I Quit! The Sixth Week of the Second Year of the New Abnormal
I was walking downtown listening to a light novel, a quasi-romcom. It had started off well and then it took a nose-dive from there. About halfway to my destination I turned it off. I simply wasn’t enjoying it anymore. I had wanted a break from heavier subjects or professional readings. This was not the break I needed.
Growing up I often heard the adage “Losers Never Quit, and Quitters Never Lose.” In this case, I was losing time and joy if I didn’t quit. For so long I had always finished the books I started, I didn’t cancel plans unless there was an emergency. And I stayed to the end of plays, movies, television series and concerts rather than leave at the intermission if I wasn’t enjoying it. The pleasure of maturing, or at least being older is that I do not have to berate myself for quitting.
Stopping when something is not right for us is a gift, not a determination of failure. I win when I consider my needs. Of course, this is not a recommendation to simply quit whenever we want. Reading a book for pleasure means that I am seeking pleasure in reading it. When it’s not pleasurable, then quitting and finding something that I do find pleasurable meets my goal of a pleasurable read. When I’m meditating and I get uncomfortable, I don’t quit, I observe what’s happening and fold that into the meditation practice. Mediation is about making space for whatever is happening. So I am not betraying my goal by resisting quitting in the middle.
It's not always easy to choose whether to carry on with an activity or whether to quit because it’s not in our best interest. When I was younger, I was stuck because I thought quitting spoke of a weak characteristic in me, and I wanted to avoid that. Accepting ourselves by not living dogmatically allows us to assess when to quit and when to keep going. I am more apt to find my way forward when I’m not forcing it. When I take away the “shoulds” it’s easier to make the right choice for any given time. Onto a new book. Making that choice is enjoyable.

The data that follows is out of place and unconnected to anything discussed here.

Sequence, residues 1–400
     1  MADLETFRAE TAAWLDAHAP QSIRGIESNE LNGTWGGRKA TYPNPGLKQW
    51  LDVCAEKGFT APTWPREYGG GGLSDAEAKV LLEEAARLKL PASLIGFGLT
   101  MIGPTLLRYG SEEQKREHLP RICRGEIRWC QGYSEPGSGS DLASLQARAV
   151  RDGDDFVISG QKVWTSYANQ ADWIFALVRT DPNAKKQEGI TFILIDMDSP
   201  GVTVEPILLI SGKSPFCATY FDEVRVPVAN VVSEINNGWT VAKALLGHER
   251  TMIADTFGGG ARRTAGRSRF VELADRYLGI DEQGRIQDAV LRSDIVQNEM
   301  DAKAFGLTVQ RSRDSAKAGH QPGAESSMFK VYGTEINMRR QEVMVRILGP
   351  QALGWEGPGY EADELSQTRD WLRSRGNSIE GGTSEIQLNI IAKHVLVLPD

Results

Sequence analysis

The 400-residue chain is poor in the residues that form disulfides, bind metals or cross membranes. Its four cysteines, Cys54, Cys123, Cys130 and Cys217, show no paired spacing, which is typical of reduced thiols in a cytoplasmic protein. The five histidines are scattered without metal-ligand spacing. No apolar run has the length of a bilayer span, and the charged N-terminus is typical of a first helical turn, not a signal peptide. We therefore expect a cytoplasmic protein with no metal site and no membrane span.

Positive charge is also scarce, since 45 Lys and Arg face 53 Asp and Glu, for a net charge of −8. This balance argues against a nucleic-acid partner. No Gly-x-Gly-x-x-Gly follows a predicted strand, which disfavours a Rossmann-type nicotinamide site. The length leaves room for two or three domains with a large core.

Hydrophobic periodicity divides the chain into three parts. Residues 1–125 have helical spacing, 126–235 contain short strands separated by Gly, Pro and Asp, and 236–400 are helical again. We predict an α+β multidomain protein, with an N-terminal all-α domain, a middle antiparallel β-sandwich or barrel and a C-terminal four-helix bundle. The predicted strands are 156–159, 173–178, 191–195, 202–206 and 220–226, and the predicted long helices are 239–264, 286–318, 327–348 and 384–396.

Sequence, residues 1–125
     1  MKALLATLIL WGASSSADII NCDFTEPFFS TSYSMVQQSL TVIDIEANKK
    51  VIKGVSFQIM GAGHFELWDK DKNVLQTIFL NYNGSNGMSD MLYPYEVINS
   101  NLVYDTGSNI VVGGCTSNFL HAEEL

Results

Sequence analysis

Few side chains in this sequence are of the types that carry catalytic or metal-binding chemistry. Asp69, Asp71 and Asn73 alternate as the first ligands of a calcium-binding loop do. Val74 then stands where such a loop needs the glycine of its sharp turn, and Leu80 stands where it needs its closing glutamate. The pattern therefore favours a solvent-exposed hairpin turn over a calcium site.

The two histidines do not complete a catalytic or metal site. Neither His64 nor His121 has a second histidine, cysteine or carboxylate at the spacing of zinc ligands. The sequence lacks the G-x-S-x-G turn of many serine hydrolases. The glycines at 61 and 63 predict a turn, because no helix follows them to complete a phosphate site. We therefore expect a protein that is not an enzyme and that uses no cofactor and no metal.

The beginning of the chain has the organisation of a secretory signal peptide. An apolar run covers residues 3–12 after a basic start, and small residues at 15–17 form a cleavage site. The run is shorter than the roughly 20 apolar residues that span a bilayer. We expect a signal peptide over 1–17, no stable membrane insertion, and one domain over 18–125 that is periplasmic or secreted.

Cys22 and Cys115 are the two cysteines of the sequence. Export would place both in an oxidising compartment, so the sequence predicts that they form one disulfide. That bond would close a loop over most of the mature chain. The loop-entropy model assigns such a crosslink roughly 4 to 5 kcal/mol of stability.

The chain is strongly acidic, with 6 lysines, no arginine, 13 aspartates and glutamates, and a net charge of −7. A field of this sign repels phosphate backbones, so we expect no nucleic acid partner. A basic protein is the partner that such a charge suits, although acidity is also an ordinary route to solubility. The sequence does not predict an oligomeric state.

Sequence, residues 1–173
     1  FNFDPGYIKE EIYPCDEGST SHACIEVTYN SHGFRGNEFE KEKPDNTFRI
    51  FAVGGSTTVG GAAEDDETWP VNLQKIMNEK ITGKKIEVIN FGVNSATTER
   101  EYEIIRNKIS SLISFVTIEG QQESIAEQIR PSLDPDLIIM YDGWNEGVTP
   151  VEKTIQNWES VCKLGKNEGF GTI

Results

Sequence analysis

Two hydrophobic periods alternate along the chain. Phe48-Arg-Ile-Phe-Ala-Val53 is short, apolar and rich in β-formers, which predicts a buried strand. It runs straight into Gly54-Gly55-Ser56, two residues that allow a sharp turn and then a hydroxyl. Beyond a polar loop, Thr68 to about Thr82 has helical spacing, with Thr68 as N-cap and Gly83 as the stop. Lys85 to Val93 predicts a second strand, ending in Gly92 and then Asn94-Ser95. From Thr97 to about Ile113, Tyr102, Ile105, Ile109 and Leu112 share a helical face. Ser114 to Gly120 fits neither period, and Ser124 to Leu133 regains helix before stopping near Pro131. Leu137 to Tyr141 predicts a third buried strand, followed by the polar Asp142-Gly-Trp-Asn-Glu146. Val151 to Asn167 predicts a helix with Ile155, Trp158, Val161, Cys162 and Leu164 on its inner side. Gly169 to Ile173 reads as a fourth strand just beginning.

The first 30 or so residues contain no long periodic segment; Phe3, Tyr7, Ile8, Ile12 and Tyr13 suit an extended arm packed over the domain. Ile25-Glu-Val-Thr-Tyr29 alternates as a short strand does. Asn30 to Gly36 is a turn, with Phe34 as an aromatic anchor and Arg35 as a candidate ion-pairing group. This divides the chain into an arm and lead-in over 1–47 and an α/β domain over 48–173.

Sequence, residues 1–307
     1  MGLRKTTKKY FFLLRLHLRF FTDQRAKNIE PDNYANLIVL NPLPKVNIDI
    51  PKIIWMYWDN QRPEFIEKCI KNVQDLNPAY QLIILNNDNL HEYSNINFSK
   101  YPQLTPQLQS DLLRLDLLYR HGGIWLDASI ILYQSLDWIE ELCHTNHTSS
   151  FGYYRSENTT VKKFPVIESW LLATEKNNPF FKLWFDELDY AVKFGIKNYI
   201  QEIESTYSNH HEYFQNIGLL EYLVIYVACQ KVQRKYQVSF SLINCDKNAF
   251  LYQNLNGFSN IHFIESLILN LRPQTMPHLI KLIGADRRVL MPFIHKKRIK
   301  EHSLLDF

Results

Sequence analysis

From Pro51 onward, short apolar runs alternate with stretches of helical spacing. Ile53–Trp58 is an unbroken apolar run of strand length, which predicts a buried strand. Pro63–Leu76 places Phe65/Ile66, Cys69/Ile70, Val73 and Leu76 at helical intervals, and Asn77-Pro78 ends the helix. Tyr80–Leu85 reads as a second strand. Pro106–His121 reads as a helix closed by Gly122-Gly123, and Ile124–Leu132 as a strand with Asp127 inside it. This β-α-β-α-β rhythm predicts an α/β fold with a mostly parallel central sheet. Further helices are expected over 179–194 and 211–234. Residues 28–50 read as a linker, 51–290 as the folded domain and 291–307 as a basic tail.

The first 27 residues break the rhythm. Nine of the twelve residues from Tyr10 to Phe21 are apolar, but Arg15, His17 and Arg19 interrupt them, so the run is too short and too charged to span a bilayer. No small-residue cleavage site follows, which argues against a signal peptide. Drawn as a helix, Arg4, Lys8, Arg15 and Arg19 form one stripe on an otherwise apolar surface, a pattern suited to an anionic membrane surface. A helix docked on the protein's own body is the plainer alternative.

- What “Shoulds” have burdened you? Any chance you can let them go? If that’s difficult, ask yourself, “does completing it serve me, or am I defending against some idea I have about that particular “should?”
- If you find you regret something you quit before you had a chance to achieve a goal, ask yourself if you can go back. It can be great to pick up dancing when older. Or, try learning the language through an easy tutorial or class that you started in high school.
- Find soaps for your face and for your body that have a texture and aroma that you find pleasing. It makes such a difference when we wash ourselves and it feels soothing. Your senses of smell and touch will feel well taken care of.